“I think our ordinance may require our contractor to pick up what is in front of vacant lots,” she said, adding that she will look into it.

Danowski asked about how to report a sighting of a professional landscaping company dumping in front of a lot.

“That’s illegal,” Casagrande said. “That should be code enforcement and reported to the Palm Beach County Sheriff’s Office. If you get a license plate, that should be turned over right to the PBSO.”

Councilwoman Marianne Miles asked if cameras on trucks could solve part of the problem.

“The cameras would avoid situations of disagreements between residents and Coastal regarding whether a large pile is new or has been added to over time because it was not picked up,” she said.

Casagrande explained that while regular trucks have cameras, the clamshell trucks, which are the issue, do not. “It comes back to managing the subcontractor,” he said. “We will look into that.”

The topic then shifted to the future of the town’s recycling program.

Maniglia noted that there is no longer a functioning market for most recycled plastics, and that it is all getting incinerated at the Solid Waste Authority’s waste-to-energy plant.

“I get they are burning everything now,” she said. “What is going to happen with the recycling?”

Casagrande said that there have been discussions on the topic, and a change to recycling could save the town money.

“We have discussed ways to save money, and recycling is a way to go,” he said. “Florida statutes recognize that if you burn it for electricity, it’s a form of recycling. Cities around Florida that have the ability burn it, have eliminated their separate recycling collection to save money.”

He suggested that Loxahatchee Groves consider that change as well.

“This will eliminate two trucks coming down your roads, and the town will save $4.28 per month, per home, just by eliminating the recycling collection and recycling it through the waste-to-energy plant,” Casagrande said. “You’re not eliminating recycling; you’re changing the way you’re doing it.”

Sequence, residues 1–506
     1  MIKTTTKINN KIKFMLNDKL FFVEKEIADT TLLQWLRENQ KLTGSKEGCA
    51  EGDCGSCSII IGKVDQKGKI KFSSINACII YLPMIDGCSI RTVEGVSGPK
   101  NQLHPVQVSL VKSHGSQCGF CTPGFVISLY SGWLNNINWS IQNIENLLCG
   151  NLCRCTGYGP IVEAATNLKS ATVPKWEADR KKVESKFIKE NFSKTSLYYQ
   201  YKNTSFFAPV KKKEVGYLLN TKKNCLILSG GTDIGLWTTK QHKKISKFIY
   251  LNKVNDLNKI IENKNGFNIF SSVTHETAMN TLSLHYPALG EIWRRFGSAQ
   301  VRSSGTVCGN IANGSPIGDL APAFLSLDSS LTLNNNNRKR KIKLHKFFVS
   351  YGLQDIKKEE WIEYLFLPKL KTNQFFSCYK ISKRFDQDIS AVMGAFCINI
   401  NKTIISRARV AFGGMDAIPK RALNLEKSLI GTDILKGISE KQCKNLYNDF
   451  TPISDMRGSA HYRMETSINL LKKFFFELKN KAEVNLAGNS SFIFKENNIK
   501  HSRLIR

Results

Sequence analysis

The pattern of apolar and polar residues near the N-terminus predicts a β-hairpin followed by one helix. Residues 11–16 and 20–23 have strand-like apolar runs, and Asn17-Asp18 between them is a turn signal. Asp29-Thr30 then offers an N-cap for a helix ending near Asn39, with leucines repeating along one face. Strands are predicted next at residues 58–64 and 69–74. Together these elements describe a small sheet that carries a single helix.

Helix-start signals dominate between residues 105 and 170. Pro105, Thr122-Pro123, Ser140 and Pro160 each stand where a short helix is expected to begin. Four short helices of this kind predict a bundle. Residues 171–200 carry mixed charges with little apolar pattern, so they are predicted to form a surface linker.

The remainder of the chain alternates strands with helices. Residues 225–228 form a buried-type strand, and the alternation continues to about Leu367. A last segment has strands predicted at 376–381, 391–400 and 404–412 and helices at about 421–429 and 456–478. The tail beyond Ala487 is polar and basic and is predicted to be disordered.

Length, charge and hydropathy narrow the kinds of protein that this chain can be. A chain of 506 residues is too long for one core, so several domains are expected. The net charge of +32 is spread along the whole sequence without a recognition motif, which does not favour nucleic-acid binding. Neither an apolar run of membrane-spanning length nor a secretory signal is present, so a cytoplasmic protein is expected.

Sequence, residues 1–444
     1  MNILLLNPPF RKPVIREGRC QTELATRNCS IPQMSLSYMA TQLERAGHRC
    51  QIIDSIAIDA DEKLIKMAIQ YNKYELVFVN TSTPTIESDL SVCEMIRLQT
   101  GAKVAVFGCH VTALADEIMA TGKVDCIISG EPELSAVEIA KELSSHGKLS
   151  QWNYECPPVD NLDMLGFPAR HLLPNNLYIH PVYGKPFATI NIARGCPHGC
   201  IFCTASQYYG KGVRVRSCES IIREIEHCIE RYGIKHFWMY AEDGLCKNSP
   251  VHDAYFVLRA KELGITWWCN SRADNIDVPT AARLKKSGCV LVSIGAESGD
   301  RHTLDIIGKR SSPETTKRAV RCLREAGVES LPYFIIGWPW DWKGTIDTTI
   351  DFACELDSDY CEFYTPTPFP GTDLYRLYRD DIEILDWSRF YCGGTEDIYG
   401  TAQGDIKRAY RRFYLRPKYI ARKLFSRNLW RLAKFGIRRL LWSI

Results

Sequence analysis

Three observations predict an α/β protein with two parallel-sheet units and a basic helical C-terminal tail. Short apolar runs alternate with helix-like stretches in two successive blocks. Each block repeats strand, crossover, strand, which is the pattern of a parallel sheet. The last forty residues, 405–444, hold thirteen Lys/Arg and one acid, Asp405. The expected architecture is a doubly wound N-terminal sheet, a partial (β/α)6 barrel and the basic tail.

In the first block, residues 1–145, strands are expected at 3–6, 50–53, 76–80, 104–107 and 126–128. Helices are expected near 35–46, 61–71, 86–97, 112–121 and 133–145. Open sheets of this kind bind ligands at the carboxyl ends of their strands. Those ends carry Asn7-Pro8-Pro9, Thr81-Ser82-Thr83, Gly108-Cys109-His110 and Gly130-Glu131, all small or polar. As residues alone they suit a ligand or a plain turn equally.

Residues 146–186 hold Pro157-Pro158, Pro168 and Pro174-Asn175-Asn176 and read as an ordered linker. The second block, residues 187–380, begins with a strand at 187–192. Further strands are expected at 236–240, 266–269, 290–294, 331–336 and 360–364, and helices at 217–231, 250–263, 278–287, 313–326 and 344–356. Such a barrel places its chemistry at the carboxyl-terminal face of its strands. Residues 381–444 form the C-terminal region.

Shorr liked the way that could impact the community’s fragile road system. “If we can eliminate two trucks per week on our roads, that’s a big impact,” he said.

However, he was concerned that stopping the separate recycling could lead to another problem with bins being too small. “I personally fill up two plastic bins and one paper bin each week,” Shorr said. “Do I have the capacity to put that in my one bin? That’s a concern that I have heard raised by residents.”

Resident Nina Corning opposed the burning of plastics, since it is not good for the environment.

“It should be properly recycled. It’s not just plastics. There’s glass and metals in there,” she said. “Now we’re just going to throw it in and burn it at a non-molecular level? I’m just flabbergasted by this.”

Maniglia said that the best way to help the environment is for the people to stop buying single-use plastic bottles. “We all need to reevaluate recycling in this country,” she said.

Casagrande noted that 92 percent of the current recycling is burned for electricity, and the ash goes into a lined landfill. The county’s plant it overseen by the Environmental Protection Agency and faces strict federal regulations, he added. Meanwhile, there are also magnets that take the metals out before it is burned. Those items do have a market for recycling.

Ramaglia said that the net savings would be about $50,000 per year, and a centralized drop-off point could be set up for recycling materials for those who want to use it. “I hear a consensus to come back with changes to the contract and any changes to our ordinances,” she said.

Ramaglia added that residents should look for information being sent out regarding the town’s pre-storm hurricane sweep set for Aug. 20 and Aug. 27. There is no limit on vegetation pile sizes during the sweep. Learn more at